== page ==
A physician’s word is often taken very seriously and with little skepticism.
An opinion from one or two doctors, when made in a professional office or hospital, can persuade a worried patient to take drugs with complex side-effects, or even undergo traumatic treatments such as radiation and chemotherapy.
by Alex Pietrowski, Waking Times
Yet, when the same doctors, with years of experience and thousands of satisfied customers, give an opinion that questions a therapy established by mainstream medicine, the mainstream media calls them irresponsible, or quacks, or even criminals.
Which brings us to Dr. Dwight Lundell. He’s an experienced heart surgeon and retired Chief of Staff and Chief of Surgery at Banner Heart Hospital in Mesa, Arizona. Not so long ago, Dr. Lundell made the following statement of confession:
“We physicians with all our training, knowledge and authority often acquire a rather large ego that tends to make it difficult to admit we are wrong. So, here it is. I freely admit to being wrong.
“As a heart surgeon with 25 years experience, having performed over 5,000 open-heart surgeries, today is my day to right the wrong with medical and scientific fact.
“I trained for many years with other prominent physicians labeled ‘opinion makers.’ Bombarded with scientific literature, continually attending education seminars, we opinion makers insisted heart disease resulted from the simple fact of elevated blood cholesterol.
“The only accepted therapy was prescribing medications to lower cholesterol and a diet that severely restricted fat intake.
“The latter of course we insisted would lower cholesterol and heart disease. Deviations from these recommendations were considered heresy and could quite possibly result in malpractice. It Is Not Working!”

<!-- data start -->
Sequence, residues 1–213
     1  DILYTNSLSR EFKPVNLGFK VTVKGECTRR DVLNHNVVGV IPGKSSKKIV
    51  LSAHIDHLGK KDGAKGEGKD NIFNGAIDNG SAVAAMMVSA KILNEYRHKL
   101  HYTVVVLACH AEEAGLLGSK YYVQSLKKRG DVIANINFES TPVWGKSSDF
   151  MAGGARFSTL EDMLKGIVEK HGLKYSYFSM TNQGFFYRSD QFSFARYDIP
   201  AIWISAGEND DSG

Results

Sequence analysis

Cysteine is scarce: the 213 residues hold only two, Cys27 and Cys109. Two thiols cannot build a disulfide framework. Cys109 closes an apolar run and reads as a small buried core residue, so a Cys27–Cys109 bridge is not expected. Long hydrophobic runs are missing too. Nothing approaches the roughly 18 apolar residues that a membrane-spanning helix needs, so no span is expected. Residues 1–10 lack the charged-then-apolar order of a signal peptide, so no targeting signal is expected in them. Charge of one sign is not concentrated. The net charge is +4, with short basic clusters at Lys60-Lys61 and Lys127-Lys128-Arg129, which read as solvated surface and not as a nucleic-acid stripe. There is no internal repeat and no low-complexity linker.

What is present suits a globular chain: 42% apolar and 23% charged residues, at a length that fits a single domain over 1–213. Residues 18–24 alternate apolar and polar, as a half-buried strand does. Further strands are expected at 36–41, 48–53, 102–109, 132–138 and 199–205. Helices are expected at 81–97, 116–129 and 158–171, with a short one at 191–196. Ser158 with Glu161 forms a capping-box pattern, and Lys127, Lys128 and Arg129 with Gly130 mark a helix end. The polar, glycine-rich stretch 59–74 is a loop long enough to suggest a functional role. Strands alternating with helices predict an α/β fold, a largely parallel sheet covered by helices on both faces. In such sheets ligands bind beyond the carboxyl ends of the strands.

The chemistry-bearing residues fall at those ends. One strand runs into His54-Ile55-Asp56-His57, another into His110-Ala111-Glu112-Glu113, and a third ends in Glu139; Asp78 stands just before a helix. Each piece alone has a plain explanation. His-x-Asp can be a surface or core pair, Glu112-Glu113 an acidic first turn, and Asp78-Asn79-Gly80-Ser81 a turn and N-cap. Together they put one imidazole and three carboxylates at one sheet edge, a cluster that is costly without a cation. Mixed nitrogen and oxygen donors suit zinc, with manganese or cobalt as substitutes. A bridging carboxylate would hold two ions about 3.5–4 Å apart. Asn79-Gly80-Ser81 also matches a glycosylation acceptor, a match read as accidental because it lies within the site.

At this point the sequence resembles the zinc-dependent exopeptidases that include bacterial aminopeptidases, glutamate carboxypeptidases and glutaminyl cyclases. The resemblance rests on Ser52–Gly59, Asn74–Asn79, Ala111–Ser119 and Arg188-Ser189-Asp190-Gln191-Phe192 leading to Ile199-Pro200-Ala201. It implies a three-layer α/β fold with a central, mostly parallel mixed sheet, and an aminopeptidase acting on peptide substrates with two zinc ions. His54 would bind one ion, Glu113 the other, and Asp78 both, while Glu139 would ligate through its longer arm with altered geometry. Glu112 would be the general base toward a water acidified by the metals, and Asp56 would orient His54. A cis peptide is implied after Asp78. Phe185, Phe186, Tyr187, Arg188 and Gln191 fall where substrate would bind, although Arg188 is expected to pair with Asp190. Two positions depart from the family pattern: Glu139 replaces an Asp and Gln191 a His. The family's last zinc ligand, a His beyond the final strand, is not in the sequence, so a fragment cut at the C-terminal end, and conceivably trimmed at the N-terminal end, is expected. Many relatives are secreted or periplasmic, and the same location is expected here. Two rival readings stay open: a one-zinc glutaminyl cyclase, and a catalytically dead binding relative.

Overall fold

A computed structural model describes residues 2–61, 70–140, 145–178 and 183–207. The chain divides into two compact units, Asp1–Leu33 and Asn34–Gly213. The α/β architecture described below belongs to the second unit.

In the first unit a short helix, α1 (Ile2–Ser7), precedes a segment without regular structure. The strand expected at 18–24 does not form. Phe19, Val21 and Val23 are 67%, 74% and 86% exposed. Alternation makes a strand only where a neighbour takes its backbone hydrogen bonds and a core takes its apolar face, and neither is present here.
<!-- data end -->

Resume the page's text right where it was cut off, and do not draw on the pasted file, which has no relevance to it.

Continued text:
“These recommendations are no longer scientifically or morally defensible.”
Not surprisingly, Lundell’s statement regarding the medical establishment’s approach to treating heart disease caused a ripple in the medical industry.
It challenged the validity of statins – commonly known as cholesterol-lowering medications – such as Lipitor, Crestor, Zocor, and others.
The reason Lundell’s statement created such a buzz is because statins are big business. In the United States alone, about 25% of the population takes statin medications. They cost from as little as $53 per month to more than $600.
Pfizer’s Lipitor went on sale in 1997 and its lifetime sales have surpassed $125 billion. AstraZeneca’s Crestor was the top-selling statin in 2013, generating $5.2 billion in revenue that year alone. The statin industry is estimated at around $30 billion in sales per year.
Nevertheless, in the United States, more die each year of heart disease than ever before.
Lundell went on to say:
“The discovery a few years ago that inflammation in the artery wall is the real cause of heart disease is slowly leading to a paradigm shift in how heart disease and other chronic ailments will be treated.
“The long-established dietary recommendations have created epidemics of obesity and diabetes, the consequences of which dwarf any historical plague in terms of mortality, human suffering and dire economic consequences.
“I have peered inside thousands upon thousands of arteries. A diseased artery looks as if someone took a brush and scrubbed repeatedly against its wall. Several times a day, every day, the foods we eat create small injuries compounding into more injuries, causing the body to respond continuously and appropriately with inflammation.